Today’s multi-line slot machines are far more elaborate. Instead of a single line, a player can bet on up to 200 lines at a time on the video screen — up, down, sideways, diagonal — each with a chance of winning. So a person might bet 70 cents and win on 35 of the lines, getting 35 cents back. That feels like a partial win — and captivates your attention.

“The laboratory research on this shows that people experience this in their brains in an identical way as a win,” Schüll says. (And the economics research shows that these multi-line machines are far better at separating players from their money.) That subtle advance, Schüll says, has helped revolutionize the gambling industry. Fewer and fewer people are now going to casinos to experience the thrilling chance at a big jackpot.

Meanwhile, David Frum contends that casinos are bad news for their surrounding neighborhoods:

[I]t has taken a surprisingly long time for city governments to acknowledge a fact that was well understood by the 19th-century Americans who suppressed gambling in the decades after the Civil War. The impact of casinos on neighboring property values is “unambiguously negative,” according to the economists at the National Association of Realtors. Casinos don’t encourage non-gaming businesses to open nearby, because the people who most often visit casinos do not wander out to visit other shops and businesses. A casino is not like a movie theater or a sports stadium, offering a time-limited amusement. It is designed to be an all-absorbing environment that does not release its customers until they have exhausted their money.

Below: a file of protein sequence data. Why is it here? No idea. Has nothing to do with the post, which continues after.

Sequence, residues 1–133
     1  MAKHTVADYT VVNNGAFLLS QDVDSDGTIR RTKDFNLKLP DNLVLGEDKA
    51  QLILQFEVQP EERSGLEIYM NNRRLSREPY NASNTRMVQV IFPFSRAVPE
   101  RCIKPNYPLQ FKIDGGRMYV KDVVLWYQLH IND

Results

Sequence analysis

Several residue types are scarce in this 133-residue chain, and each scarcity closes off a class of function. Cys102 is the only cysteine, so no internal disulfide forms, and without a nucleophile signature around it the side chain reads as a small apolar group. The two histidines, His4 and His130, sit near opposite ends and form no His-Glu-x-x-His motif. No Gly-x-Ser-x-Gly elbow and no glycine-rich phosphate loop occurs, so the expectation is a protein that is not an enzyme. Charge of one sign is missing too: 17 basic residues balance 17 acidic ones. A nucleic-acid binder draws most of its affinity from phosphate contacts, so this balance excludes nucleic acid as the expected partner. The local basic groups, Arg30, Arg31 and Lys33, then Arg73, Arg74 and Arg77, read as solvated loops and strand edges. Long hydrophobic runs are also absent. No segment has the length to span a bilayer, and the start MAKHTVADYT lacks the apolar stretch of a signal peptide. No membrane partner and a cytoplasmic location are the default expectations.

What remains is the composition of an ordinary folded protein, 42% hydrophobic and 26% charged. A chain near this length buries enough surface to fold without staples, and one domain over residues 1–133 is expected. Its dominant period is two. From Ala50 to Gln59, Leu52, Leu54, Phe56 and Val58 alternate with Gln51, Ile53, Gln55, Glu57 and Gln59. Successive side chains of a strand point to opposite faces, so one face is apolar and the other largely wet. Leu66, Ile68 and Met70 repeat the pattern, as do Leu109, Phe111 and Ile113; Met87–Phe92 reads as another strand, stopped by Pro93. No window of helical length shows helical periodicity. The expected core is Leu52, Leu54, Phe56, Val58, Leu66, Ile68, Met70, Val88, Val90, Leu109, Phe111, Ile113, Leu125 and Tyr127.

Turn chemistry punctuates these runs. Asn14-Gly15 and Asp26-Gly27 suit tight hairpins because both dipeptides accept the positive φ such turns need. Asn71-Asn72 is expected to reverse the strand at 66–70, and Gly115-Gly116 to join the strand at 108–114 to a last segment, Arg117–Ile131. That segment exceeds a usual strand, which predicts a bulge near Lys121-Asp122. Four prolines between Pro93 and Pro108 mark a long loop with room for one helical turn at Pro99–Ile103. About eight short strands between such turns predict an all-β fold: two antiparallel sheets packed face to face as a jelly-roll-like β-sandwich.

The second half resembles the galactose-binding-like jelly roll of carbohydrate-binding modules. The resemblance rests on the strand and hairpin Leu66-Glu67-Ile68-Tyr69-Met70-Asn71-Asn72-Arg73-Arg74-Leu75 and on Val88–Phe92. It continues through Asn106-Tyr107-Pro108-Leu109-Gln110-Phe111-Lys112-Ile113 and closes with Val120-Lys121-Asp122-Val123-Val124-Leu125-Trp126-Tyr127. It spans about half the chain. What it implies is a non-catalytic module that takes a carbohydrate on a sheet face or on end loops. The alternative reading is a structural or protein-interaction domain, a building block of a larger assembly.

The Institute for American Values has gathered the best evidence on the social consequences of casinos. That evidence should worry any responsible city government. People who live close to a casino are twice as likely to become problem gamblers as people who live more than 10 miles away. As casinos have become more prevalent, so has problem gambling: in some states, the evidence suggests a tripling or even quadrupling of the number of problem gamblers.

(Photo by Quinn Dombrowski)

Why Should Depression Disqualify You From Practicing Law?

by Dish Staff

Lisa T. McElroy and Katie Rose Guest Pryal argue that the mental-health questions on state bar exams are unfair to law students:

The questions aren’t just about conduct that might impair a person’s ability to practice law, such as refusing to seek treatment for psychotic episodes. Instead, the agencies ask about a wide range of medical history. They ask (we offer just a few examples) whether you have ever “had out-patient treatment, for … major depressive disorder” (Wyoming) or “Within the past five (5) years, have you been diagnosed with or have you been treated for any of the following: … bipolar disorder or manic depressive mood disorder, major depression … or any other condition which significantly impaired your behavior, judgment, understanding … or ability to function in school, work, or other important life activities?” (Colorado). Most states have similar inquiries on their questionnaires for bar applicants; the standard form provided by the National Conference of Bar Examiners includes them, too.